Playing & Learning Outdoors
Nature Activities for Kids: Ideas for Exploring Outdoors
The benefits of outdoor play are well documented, in particular the link with fostering an active lifestyle. Encouraging young children not just to play outdoors, but to engage with and explore their environment, leads to even more benefits. In this article, we’re going to look at some nature activities for kids that will help promote beneficial outdoor exploration.
Nature Activities for Kids
There are lots of reasons why it’s good to get children outside, exploring their environment:
- It helps them form an understanding (hopefully leading to a love) of the natural world, the plants and creatures that inhabit it, and how everything links together.
- It fosters curiosity, creativity and independence, and supports the development of critical thinking skills.
- It promotes wellbeing simply by giving them more space; children can sometimes feel crowded and pent-up inside.
- It encourages them to be more active rather than sedentary.
Ideas and Resources for Exploring Outdoors
As this article is specifically about outdoor exploration, and not outdoor play in general, the following wishlist does not include things like climbing frames, balls and scooters. The resources are broken down into four subject areas to aid with activity planning: wildlife, weather, plants and natural materials. You might also find it useful to refer to our article on outdoor craft activities.
1. Engage with wildlife
There are lots of ways in which you can encourage wildlife into your nursery garden and support the children to engage with it. Here are some resource ideas:
- Bug hotel – buy a purpose-built bug hotel, or make your own (eg using recycled packaging) to provide a suitable habitat for a variety of insects.
- Bug hunt equipment – invest in a set of magnifying glasses/jars so that the children can study the insects in the bug hotel or other habitats in your outside space (in the grass, under bushes, in a log pile).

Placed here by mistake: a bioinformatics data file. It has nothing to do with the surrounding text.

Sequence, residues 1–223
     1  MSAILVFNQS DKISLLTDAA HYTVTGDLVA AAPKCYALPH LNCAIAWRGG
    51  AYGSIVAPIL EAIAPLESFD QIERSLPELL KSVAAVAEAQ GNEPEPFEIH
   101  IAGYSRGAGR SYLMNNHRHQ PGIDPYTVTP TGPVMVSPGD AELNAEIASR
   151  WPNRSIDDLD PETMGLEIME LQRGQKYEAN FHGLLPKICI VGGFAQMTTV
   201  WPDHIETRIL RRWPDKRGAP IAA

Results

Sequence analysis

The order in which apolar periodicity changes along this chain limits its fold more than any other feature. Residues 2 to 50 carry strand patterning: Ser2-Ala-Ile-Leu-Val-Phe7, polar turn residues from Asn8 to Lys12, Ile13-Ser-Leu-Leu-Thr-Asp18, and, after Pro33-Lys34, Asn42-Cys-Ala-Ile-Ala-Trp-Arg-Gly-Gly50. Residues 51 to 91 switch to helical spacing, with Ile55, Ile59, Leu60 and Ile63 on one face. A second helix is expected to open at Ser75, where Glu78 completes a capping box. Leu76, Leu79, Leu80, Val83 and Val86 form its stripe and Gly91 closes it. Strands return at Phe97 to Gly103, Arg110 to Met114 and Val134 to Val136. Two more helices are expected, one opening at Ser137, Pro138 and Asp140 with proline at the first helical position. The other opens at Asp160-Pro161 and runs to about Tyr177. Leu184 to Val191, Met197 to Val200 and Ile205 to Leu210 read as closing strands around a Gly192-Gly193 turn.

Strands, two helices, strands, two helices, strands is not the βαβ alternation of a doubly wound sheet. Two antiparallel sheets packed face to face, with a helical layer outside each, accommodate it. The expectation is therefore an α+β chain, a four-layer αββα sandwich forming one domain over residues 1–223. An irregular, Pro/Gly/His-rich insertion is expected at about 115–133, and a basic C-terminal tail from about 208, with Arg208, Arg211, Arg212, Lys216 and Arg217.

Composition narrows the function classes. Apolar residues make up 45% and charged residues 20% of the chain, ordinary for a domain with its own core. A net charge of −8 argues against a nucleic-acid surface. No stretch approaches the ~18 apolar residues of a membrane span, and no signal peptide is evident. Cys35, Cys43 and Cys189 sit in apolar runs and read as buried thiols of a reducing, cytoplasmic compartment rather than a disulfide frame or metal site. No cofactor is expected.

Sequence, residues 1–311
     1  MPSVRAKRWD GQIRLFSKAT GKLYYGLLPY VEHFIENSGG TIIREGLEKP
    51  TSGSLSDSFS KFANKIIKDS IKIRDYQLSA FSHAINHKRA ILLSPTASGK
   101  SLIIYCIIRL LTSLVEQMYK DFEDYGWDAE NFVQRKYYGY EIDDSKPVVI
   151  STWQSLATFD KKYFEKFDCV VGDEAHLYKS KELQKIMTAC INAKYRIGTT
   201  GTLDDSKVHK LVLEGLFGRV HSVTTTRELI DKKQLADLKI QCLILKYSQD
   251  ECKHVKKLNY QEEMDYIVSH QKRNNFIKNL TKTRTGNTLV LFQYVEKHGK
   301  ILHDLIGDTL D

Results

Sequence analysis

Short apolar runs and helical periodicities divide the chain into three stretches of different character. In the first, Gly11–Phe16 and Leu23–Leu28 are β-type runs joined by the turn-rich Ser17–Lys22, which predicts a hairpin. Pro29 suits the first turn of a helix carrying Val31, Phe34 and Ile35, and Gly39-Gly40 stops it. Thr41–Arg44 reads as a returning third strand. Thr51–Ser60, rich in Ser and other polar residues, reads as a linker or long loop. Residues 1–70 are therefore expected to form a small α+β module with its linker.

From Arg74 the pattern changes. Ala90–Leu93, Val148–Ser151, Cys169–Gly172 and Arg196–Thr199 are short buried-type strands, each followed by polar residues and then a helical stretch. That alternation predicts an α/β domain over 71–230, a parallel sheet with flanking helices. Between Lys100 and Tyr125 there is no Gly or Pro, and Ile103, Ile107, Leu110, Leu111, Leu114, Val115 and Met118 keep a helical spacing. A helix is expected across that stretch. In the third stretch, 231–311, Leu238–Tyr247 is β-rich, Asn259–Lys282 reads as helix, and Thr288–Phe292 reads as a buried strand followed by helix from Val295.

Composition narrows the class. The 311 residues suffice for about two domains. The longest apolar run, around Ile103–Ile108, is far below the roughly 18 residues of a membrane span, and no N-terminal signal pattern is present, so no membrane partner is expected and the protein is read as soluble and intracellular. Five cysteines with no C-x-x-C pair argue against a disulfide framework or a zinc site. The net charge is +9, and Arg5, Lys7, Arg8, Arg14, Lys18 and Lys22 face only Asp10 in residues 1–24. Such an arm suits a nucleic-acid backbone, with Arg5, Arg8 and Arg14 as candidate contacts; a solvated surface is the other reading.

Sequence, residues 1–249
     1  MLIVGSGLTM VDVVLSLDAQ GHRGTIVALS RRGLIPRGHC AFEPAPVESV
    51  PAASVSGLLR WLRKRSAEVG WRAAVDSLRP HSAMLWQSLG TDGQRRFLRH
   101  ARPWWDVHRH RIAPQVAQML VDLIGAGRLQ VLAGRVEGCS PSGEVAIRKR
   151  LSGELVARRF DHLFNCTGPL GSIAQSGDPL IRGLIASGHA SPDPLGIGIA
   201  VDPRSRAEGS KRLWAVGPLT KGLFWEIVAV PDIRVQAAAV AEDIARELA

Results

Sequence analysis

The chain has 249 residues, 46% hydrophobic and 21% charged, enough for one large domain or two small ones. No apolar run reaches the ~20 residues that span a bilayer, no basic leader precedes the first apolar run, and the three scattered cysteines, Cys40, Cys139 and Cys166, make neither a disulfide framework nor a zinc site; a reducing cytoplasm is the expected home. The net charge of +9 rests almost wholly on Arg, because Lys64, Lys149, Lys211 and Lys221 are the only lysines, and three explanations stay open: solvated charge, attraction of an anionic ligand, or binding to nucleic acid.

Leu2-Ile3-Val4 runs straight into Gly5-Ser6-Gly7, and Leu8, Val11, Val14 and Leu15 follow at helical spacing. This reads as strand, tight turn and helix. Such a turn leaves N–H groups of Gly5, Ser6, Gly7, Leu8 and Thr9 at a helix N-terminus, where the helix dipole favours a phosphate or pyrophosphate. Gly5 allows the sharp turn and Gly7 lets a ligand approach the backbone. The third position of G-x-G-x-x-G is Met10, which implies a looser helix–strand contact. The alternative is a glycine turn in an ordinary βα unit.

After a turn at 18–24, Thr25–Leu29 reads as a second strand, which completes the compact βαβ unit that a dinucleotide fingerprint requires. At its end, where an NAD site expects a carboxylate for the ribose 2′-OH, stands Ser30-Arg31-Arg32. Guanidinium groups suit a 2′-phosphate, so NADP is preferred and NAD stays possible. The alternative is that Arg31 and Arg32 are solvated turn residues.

- Bird table/feeders – hang bird feeders (bought or home-made), and/or install a bird table to encourage birds into the garden; help the children identify and count different species.
- Ant farm – buy or make an ant farm; these are a great way to engage children’s interest in wildlife and animal behaviour.
- Wormery – similarly, you can buy a wormery kit or make your own (a good activity to involve the children in); soil and worms are a winning combination for most children.
2. Experiment with weather
- Wind toys – make the most of windy days by installing windsocks, wind chimes or pinwheels in your outdoor space; you could make them with the children using a variety of materials.
- Rainy day exploration – with the right resources, for example sets of good waterproofs, you can really embrace rainy weather. Buy or make some rain gauges, and monitor the rainfall. Mud kitchens are always very popular, and will provide hours of hands-on entertainment.
- Sun prints – sun print paper is really effective but quite expensive so use it sparingly, perhaps with a small group of older children working collaboratively to collect and make a collage of interesting natural shapes, eg grasses, petals, leaves, cones.
3. Grow plants and vegetables
The scale of any planting activities in your nursery will depend on the space available as well as the gardening skills of staff, but it’s extremely beneficial for children to get involved in growing plants on any kind of level. Here is a list of resources:
- Plant pots/planters/beds – if you have plenty of outdoor space then you could dedicate a whole section of it to gardening, perhaps including some raised beds and even a tool store and/or potting shed. But smaller areas with containers such as plant pots, planters, hanging baskets and sacks can also produce fantastic results.
- Gardening tools – depending on the scale of your plant-growing activity, you’ll need some or all of the following: child-size spades, rakes, watering cans, wheelbarrows and gardening gloves.
- Plants and seeds – plan what you’re going to grow (eg vegetables/herbs/fruit to eat; flowers for butterflies; sensory plants; sunflowers to measure), and how to source the seeds/plants (eg parents may be able to donate cuttings).
- Compost bin – a compost bin is a great educational resource for teaching children about sustainability and natural lifecycles.
- Water butt – install a water butt to collect rainwater for watering the plants; again this is a great tool for teaching environmental awareness.
4. Play with natural materials
- Sand/water tables – it’s well worth investing in a few sand and water tables for outdoor use; filled with sand or water, they provide endless opportunities for children to play with and explore the properties of natural materials.
- Willow structures – consider building a willow tunnel or den in your nursery garden; they not only provide shade and a play space, but also bring the children into close contact with the natural environment.
If you want to find many of the resources featured in this article, as well as other ideas for resources that may be useful, head to the Wesco website, here.